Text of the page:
There’s a prevailing idea that the best food gifts are limited to a nice pot or chef’s knife. And while those things are good — hell, they’re both on our list — the truth of the matter is that there’s a full range of options to consider for the cook in your family. From a popcorn bowl made by the grandchildren of Henri Matisse to a cast-iron skillet designed with pro-level omelets in mind, here are our picks for the best food gifts of 2018.
Row 7 Seeds
Cofounded by the one and only Dan Barber, the Chef’s Table-starring chef behind Blue Hill Farm, Row 7 Seeds is an extension of Barber’s ingredient-first ethos. The company is a collaborative effort between chefs, plant breeders and enthusiasts. Seeds start at $4, and they’re bred for a singular purpose: peak flavor.
Ganji Kankiri Can Opener
Sometimes the best gifts are the ones that come out of left field. This can opener is incredibly satisfying to use and comes recommended by pro chefs due to some clever design traits — for example, it’s all one piece, so no moving parts for moisture to creep in and corrode. And it’s less than $10.
Stasher Food Storage Bags
For the plastic-conscious, plastic bags and containers are a real bummer. Also for the plastic-conscious: Stasher reusable silicone food storage bags. Stasher’s bags act as sandwich bags, sous vide bags, leftover holders and whatever other job you use plastic for. They’re also dishwasher safe.
Yotam Ottolenghi’s cookbooks are among the most read and bought cookbooks of the decade. His newest, Ottolenghi Simple, takes what made his original book so successful and boils it down into vegetarian meals that can be made in 30 minutes or less.
Material Three Tool Set
Big-box stores will try to sell you a basket with 25 different tools for flipping, stirring and the task of pushing food around the pan. You don’t need them all, you just need these three from Material Kitchen — a new direct-to-consumer brand aimed at giving home cooks what they actually need, and nothing they don’t.
East Fork Popcorn Bowl
Based in Asheville, North Carolina, East Fork makes all its goods from materials it pulls form the earth right around town. Other than being plainly beautiful and made by human hands, the brand is notable for its founder, Alex Matisse, who shares a last name and lineage with another rather famous creative.
Brightland Olive Oils
Brightland’s olive oil expressions are more about the flavor of the oil than acting as a means to an end. Heirloom olives are picked and pressed in California with quality in mind. As a result, these oils sport tasting notes that read more like something you’d find on a wine label.
Made In Chef’s Knife
Made In’s new 8-inch chef’s knife is made of the kind of steel typically used in blades nearly twice the price. It is balanced, keeps its edge well and sports a handle that should satisfy both Western- and Japanese-style knife enthusiasts.
Milo Dutch Oven
Since the moment we tested the Milo Dutch oven we’ve been in love with its blend of performance, price and looks. For one-third what you’ll pay for a Le Creuset or Staub, you get a pot that cooks almost identifically and looks as elegant as either. You also get to support entrepreneurship instead of mega corporations.
Five Two Double-Side Cutting Board
Five Two is Food52’s brand new homegoods private label and its first product is this cutting board. It’s made of American maple and has extra-deep grooves around the edges to catch juice more effectively on one side and a slot to stand up your phone for recipe-following on the other. The cutting board isn’t a category that needed much innovation, but a few thoughtful new features are always nice.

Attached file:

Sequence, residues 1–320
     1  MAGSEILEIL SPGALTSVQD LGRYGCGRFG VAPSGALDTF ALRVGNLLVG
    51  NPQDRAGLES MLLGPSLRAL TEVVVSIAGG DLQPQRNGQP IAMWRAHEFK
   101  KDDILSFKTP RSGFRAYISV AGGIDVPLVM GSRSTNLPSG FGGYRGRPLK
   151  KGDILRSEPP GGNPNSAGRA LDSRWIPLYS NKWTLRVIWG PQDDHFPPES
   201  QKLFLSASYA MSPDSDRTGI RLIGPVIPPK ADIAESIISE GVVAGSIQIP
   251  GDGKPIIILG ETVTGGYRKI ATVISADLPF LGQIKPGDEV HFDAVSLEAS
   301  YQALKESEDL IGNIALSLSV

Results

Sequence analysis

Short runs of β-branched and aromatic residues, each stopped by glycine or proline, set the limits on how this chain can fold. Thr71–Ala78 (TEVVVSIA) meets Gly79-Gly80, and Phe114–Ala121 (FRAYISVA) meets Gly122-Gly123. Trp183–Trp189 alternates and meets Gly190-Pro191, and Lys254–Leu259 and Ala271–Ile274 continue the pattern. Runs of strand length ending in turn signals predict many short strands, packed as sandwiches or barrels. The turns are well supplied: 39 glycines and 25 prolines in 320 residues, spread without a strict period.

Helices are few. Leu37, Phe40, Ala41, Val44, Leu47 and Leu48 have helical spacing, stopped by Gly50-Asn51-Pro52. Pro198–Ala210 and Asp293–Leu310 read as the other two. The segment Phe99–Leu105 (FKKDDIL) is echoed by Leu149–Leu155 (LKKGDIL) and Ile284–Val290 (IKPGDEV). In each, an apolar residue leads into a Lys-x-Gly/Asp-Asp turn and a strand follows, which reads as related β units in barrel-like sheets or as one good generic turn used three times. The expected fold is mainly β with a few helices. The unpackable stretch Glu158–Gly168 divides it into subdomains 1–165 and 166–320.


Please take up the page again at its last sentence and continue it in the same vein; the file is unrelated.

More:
Anova Culinary Precision Cooker Nano
Anova is one of two companies (the other being ChefSteps) making a serious effort to make sous vide cooking more accessible to people who aren’t professional cooks, and its Nano circulator encapsulates that perfectly. It’s the first legimately good circulator that retails below $100 and compact enough to be used in the pots home cooks have in stock.
Smithey Ironware 8-Inch Cast-Iron Skillet
Isaac Morton’s Smithey Ironware is a brand born out of and into nostalgia. His love of vintage iron led to his development of it in its modern form, and his most recent offering is a tiny, smooth skillet perfect for Sunday omelets.
Smart Garden 9
Smart Garden pitches its smart gardens as the Keurig of plant growing (except without the underlying quality issues). This little countertop garden accepts a capsule (tomato, basil, lettuce and many more) and begins the process of sunning and watering itself until the plants have reached ideal growth for picking. Having fresh green in the house does not get simpler.
Forge de Laguiole Table Knives
Did you know the ubiqitous Laguiole-style steak knives are almost all inauthentic? Only two forges in the world make legimate Laguiole knives, and Forge de Laguiole is one of them. Made in the traditional method and with traditional materials (the handle is made from a bull’s horn), this set of knives is as much a collector’s item as it is something to use at the dinner table.
Uuni 3 Wood-Fired Pizza Oven
There are few substitutes for pizza made by a large Italian man wearing a sweat-stained white shirt in a flour-covered diner, but this is one of them. Uuni’s compact, portable wood pellet oven reaches temperatures just under 1,000 degrees Fahrenheit, and cooks pizza start to finish in 60 seconds flat.
Don’t know what to get the people on your list? We’ve got you covered with our holiday gift guide.
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